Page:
Almost two weeks after launching JPM Coin, a digital token that will use blockchain technology to make payments, the bank held its investor day in New York on February 26 and promoted the new venture within a presentation designed to highlight its dominance in corporate and investment banking.
There is no question that JPMorgan has established itself as the leading global investment bank in the years since the 2008 financial crisis. It has been number one for global investment banking fees for 10 consecutive years and recently increased its share of fixed income and equity markets revenue more than any other bank.
This provides no guarantee of future success as the finance and technology sectors collide in the coming years, but JPMorgan was keen to project an air of inevitability when it promoted digital initiatives at its investor day.
It highlighted that JPM Coin is the first digital coin from a US bank and updated the number of banks that have signed letters of intent for its interbank information network at over 185.
Looking ahead, JPMorgan predicted that this network would soon “reach ubiquity” with more than 200 banking partners, which seems to imply that competitors would be wasting their time with any rival initiatives.
There is actually considerable debate over how JPM Coin will be adopted and where blockchain technology will be usefully implemented, as Euromoney’s Peter Lee points out in his column. And JPMorgan’s marketing of its fintech plans has been complicated by the remarks of its chief executive Jamie Dimon about cryptocurrencies through the years.
Dimon’s free-wheeling approach to public comments is a refreshing contrast to most other bank heads, but his condemnation of bitcoin as a fraud and his changing stance on whether JPMorgan would facilitate cryptocurrency trading has made life challenging for fintech executives at the bank.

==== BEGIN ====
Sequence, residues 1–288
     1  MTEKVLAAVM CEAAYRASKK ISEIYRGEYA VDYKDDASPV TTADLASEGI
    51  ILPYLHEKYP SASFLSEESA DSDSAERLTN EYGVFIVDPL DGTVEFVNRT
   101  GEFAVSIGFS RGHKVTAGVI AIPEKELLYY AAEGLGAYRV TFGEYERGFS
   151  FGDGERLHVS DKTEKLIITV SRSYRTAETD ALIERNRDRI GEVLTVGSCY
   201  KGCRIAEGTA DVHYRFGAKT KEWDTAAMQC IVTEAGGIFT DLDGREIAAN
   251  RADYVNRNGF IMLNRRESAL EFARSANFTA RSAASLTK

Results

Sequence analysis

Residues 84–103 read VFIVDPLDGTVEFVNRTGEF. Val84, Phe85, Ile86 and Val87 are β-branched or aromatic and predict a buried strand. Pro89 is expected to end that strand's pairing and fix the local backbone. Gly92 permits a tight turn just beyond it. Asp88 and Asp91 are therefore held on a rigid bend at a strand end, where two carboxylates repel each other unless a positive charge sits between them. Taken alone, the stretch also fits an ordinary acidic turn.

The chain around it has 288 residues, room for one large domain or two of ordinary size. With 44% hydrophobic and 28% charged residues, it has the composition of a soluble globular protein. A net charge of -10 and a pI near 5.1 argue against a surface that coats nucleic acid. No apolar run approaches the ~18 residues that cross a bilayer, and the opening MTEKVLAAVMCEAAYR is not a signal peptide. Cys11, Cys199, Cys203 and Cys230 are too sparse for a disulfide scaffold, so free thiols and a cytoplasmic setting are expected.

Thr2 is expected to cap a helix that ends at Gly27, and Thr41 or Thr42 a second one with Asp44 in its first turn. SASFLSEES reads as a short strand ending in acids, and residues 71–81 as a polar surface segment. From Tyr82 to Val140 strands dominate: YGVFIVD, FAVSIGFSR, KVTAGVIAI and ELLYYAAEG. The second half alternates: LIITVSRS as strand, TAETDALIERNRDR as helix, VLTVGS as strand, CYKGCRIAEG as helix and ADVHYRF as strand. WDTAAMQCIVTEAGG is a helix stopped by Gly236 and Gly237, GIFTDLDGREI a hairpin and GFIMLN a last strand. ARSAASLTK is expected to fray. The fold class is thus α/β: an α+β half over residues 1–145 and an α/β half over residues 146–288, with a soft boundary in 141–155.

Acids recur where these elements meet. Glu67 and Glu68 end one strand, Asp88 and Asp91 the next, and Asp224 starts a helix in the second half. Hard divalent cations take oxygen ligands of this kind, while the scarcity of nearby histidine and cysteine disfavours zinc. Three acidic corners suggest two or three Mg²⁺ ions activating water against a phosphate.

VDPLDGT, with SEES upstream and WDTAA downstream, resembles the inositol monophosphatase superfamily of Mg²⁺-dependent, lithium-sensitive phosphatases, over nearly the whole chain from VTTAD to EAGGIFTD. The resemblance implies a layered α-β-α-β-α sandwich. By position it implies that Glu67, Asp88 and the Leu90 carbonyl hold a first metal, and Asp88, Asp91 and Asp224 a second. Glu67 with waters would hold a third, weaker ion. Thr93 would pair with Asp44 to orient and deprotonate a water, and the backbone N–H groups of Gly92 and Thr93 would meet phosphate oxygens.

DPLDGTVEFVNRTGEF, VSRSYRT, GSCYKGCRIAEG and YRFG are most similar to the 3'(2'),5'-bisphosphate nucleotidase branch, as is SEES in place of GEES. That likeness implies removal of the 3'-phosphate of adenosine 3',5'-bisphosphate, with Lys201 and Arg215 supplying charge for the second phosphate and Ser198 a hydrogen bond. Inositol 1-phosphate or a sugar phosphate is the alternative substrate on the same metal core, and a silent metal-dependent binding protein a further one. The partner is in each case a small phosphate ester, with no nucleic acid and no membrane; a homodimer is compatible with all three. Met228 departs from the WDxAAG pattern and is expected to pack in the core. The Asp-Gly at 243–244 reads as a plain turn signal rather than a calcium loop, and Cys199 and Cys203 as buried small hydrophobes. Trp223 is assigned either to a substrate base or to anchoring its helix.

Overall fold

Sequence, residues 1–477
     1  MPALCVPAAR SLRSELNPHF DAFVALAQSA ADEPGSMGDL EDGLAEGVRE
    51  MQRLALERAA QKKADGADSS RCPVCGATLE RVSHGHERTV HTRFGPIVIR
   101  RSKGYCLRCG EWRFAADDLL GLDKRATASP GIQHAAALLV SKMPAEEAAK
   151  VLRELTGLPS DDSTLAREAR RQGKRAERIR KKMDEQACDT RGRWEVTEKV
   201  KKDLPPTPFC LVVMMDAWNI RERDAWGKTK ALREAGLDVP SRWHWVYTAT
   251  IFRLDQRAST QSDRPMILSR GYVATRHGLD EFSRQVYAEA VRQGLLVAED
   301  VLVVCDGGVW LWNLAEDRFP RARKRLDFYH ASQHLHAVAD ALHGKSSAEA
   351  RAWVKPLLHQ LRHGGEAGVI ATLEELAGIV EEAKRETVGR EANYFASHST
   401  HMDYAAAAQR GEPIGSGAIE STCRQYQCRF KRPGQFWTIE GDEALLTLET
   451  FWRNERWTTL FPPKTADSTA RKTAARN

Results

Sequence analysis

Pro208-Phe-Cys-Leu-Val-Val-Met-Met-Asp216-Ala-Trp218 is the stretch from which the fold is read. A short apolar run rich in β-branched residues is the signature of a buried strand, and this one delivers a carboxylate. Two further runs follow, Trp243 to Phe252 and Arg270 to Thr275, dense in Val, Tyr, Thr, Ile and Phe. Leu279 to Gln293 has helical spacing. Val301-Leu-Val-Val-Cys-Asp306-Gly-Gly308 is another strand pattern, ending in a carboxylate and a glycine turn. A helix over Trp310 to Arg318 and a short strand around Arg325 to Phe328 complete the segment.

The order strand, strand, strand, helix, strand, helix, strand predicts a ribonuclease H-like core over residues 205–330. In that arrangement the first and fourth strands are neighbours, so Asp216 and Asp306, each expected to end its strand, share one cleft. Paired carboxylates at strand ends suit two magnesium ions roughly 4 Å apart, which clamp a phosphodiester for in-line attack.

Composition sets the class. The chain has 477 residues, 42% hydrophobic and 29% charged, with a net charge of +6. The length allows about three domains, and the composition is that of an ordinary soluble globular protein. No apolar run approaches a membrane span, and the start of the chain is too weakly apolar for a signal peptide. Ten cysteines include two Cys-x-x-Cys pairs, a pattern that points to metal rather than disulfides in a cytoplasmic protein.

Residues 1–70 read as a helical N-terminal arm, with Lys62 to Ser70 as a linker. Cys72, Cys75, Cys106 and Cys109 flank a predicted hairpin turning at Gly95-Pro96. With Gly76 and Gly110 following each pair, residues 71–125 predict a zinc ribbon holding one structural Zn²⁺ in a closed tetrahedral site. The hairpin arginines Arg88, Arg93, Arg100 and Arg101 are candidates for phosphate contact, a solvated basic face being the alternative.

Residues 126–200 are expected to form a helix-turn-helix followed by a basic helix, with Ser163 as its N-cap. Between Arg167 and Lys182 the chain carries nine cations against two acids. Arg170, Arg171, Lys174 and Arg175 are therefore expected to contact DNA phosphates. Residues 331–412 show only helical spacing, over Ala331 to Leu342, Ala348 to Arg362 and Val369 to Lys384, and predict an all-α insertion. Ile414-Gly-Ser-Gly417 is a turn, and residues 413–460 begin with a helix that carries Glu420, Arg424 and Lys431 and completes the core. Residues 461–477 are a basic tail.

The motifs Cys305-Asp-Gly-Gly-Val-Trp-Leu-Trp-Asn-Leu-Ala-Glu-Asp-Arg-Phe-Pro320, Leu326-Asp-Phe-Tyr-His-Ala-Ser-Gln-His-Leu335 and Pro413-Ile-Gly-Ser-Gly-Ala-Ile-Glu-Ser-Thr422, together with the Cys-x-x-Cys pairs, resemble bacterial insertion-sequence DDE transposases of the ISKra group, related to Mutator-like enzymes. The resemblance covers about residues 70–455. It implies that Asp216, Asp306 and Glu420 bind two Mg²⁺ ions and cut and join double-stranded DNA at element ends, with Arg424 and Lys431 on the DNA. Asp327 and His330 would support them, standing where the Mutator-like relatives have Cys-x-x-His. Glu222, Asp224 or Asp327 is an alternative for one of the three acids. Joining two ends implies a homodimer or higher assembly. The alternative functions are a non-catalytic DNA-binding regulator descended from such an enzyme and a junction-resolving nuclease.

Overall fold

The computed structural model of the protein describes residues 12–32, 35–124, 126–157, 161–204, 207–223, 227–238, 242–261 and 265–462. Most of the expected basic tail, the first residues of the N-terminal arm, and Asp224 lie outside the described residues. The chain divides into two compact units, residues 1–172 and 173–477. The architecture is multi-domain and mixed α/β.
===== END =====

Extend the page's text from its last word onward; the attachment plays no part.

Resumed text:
Managers such as Umar Farooq, JPMorgan’s head of digital treasury services and blockchain, no doubt put their own pronouncements through extensive peer group testing before they make any public statements.
Dimon might not be following every step of the promotion of JPM Coin, but you never know, and every JPMorgan employee understands that there is only one outcome when a manager displeases the longest-serving chief executive on Wall Street. This could hold back the digital marketing drive.
Farooq has the sort of background you might expect from a fintech manager, including multiple degrees from MIT and Yale. He does not have the personal brand recognition that is ideal for a marketing push, however.
There is one executive who would seem to fit the bill for a promotional initiative that might help JPMorgan to reach digital ubiquity, in the form of Blythe Masters.
She recently stepped down as chief executive of Digital Asset, where she had been the highest-profile promoter of the uses of distributed-ledger technology within finance.
And she has extensive knowledge of the workings of JPMorgan – and the whims of Dimon – after a 27-year career at the bank that involved a lead role in the development and marketing of credit derivatives and later a job as global head of commodities.
Sadly, Euromoney understands that Masters will not be making a comeback to JPMorgan that would guarantee extensive publicity for its drive for digital domination. The voyage to fintech ubiquity and beyond by the bank will instead have to be made by lower-profile managers.
Perhaps that makes sense for what will be a steady grind to persuade customers and rival banks to adopt JPM Coin and related blockchain initiatives, even if it does not help when it comes to eye-catching marketing.